Stay at Baker Creek Mountain Resort
Baker Creek Mountain Resort.
The charming and cozy log cabins at Baker Creek Mountain Resort near Lake Louise on the Bow Valley Parkway make a great getaway for Calgarians any time of the year, but heading there in the mid-fall means significant cost savings. The same cabin that goes for $475 per night during peak summer season is $250 the day after the Thanksgiving long weekend.
While it’s true that the weather in Banff National Park can be unpredictable in October — you could just as easily encounter a blinding snowstorm as a brilliant, blue-sky day — should you be blessed with the latter, you’ll be able to enjoy the tail end of larch season with fewer crowds. Provided there hasn’t been significant early-season snowfall, mid-fall is an opportune time to hike the Lake Louise trails. Baker Creek general manager James Hague recommends the Saddleback Pass hike, a 7.4-km loop through terrain Hague describes as “just filled with larch trees” that sets out from the Lake Louise parking lot. From the top of Saddleback, a short scramble (doable by anyone of any age who made it that far) gets you to the summit of Fairview Mountain where you’ll be rewarded with incredible views.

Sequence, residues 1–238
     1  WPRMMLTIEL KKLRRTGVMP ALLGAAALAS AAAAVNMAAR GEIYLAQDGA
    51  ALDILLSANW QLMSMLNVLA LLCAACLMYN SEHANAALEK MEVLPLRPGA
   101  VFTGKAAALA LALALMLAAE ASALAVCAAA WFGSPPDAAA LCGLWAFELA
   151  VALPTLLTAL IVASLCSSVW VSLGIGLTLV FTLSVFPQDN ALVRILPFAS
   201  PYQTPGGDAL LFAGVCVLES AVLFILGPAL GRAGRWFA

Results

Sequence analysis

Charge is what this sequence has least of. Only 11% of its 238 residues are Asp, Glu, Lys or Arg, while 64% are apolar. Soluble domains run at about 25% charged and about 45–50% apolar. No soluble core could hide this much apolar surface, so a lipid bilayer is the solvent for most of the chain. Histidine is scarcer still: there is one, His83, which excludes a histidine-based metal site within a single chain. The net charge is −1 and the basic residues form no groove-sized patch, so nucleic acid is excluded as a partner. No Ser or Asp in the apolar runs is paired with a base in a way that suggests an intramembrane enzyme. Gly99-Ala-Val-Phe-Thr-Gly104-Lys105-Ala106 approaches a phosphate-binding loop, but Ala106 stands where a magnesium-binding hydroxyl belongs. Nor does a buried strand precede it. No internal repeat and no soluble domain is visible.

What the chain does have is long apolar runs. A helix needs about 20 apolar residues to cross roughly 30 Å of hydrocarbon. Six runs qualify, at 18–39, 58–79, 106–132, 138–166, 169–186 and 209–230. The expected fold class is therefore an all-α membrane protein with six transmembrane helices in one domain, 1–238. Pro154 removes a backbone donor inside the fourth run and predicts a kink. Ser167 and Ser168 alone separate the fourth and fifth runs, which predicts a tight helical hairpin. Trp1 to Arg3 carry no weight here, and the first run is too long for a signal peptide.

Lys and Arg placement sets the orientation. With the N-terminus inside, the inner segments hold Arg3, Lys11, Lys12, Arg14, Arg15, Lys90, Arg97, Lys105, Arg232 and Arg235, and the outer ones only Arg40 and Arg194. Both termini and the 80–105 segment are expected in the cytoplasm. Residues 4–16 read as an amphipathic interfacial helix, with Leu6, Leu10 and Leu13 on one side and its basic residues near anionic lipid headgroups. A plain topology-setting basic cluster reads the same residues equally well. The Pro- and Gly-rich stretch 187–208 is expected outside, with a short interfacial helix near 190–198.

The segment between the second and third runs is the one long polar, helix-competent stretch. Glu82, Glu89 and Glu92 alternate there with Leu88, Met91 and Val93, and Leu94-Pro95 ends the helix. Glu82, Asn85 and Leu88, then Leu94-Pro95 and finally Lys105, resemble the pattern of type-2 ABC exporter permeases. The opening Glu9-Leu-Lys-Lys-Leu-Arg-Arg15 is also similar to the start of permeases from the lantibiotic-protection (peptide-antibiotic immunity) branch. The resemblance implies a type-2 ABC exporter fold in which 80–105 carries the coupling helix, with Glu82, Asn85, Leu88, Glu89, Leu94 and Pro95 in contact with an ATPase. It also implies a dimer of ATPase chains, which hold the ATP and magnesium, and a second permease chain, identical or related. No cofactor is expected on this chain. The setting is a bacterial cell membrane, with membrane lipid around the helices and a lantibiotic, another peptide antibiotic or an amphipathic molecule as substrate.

Baker Creek’s on-site restaurant is open for dinner only during the fall season (they stop serving breakfast in mid-September and lunch following the Thanksgiving weekend) though the individual cabins are equipped with full kitchens.